Over the next couple of weeks, Develop will be embarking on a special series of interviews with some of the world’s largest and most celebrated independent developers. On Tuesday we featured an interview with Crytek CEO Cevat Yerli; Wednesday saw part one of our interview with the Oxford-based duo heading up Rebellion.
Today, in the second half of our interview, we speak to Rebellion co-founders Chris and Jason Kingsley about Rouge Warrior’s profanity, the next Battlefront game, the state of the UK, and multiplatform development.
It is suggested that the use of profanity in Rogue Warrior was a marketing decision rather than a creative one. Would you accept this?
Jason: Whoever thinks that should book a meeting with Richard Marcinko [RW’s central character] and ask him if the swearing in the game is true to his character or not, and if he doesn’t like you he’ll stab you in the face and tell you to fuck off.
The guy is a force of nature, and a massive character. If you want to tell him that the use of swearing in a videogame is a bad thing, be my guest, but just remember this is a man who has killed people, many many times, close up, with a knife.
The Rebellion team has met the guy, and yes they were all scared of him. He is a force of nature, but he’s a real character, and swearing is part of his persona. And Rogue Warrior is a character-based shooter that we’re doing.
It would be absurd not to use the phrases which build part of that character.
Chris: Whatever licence we deal with, we try to get to the essence of it. If you’re making a game from a horror movie, you shouldn’t just try to copy it, but instead look to capture what exactly is so scary about it.
I was wondering if the swearing was actually intended to be OTT.
Jason: Very much so. We’re going for a stylised feel, though not a contemporary one. You could argue the game is a period piece; it’s all those 80s action movies starring Van Damme and Dolph Lundgren, it’s very Red Scorpion.
Rebellion is seen as the likely developer of the next Battlefront game, can you bring any clarification to the matter?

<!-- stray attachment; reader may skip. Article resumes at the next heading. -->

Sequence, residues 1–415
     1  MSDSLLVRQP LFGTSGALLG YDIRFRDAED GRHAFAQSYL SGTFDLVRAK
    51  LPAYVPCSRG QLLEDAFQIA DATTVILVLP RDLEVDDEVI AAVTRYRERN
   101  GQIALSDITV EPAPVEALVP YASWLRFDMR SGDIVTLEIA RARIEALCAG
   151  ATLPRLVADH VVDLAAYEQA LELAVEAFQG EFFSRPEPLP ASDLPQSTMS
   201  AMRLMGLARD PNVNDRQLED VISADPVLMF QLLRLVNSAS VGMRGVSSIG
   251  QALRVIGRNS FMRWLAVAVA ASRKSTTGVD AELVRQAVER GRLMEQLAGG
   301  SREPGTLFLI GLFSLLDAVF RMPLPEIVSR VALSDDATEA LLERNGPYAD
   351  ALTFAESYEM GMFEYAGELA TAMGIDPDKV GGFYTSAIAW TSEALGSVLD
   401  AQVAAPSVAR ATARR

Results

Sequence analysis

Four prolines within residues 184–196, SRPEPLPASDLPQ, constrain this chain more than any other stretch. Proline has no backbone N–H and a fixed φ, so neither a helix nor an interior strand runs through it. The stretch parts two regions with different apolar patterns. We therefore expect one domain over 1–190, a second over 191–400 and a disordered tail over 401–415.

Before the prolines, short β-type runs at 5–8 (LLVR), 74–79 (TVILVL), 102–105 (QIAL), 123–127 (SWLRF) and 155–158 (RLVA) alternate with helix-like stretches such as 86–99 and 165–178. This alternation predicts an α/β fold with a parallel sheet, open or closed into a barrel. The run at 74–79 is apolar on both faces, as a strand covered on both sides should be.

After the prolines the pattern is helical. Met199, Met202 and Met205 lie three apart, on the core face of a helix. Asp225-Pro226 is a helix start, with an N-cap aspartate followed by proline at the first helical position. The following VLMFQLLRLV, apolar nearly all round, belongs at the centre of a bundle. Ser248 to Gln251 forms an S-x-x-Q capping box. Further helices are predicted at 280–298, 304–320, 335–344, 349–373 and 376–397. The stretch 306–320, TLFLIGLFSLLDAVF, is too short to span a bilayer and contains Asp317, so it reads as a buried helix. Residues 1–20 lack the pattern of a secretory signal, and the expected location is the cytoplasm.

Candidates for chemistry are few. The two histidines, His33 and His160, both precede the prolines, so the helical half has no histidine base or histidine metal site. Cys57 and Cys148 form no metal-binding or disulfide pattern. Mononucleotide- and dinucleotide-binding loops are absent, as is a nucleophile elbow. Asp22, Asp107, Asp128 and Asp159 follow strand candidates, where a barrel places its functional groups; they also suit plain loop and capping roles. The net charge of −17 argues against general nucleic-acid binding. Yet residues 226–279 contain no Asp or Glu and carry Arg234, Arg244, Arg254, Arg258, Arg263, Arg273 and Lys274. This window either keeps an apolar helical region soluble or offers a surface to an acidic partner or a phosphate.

Jason: I’m afraid not. We obviously have a lot of business secrets with a lot of different partners, and so obviously it’s not our practice to speculate on this. LucasArts has been a great partner to work with.
As a fellow UK independent, what was your reaction when Free Radical was placed into administration?
Jason: It’s always sad when a developer with a strong reputation collapses. I think it’s also an opportunity; you can maybe think there’s arguably less competition.
Chris: I think it’s a shame when a developer or publisher gets into financial problems because it’s best to have a healthy industry with lots of competition, because that ultimately drives standards up.
The collapse of Free Radical shows you just how difficult it is in the game business and how competitive it is. You’ve got to give a lot of credit to a lot of companies out there that have been going on year-in-year-out producing great games; just keeping going is challenging enough for a lot of companies, let alone producing great content.
There have been many claims, especially over the last few months, that the UK sector is in danger of becoming less relevant because it is not being supported properly. Where do you two stand on the issue?
Jason: I think the trend is certainly in the wrong direction, when you look at it. Whether it’ll bottom out, whether it’s cyclic or not I don’t really know. Now that I’m the chair of Tiga, this issue is one of the things I speak to Richard [Wilson, Tiga CEO] about all the time, because there’s so much tax competition at the moment in first-world nations.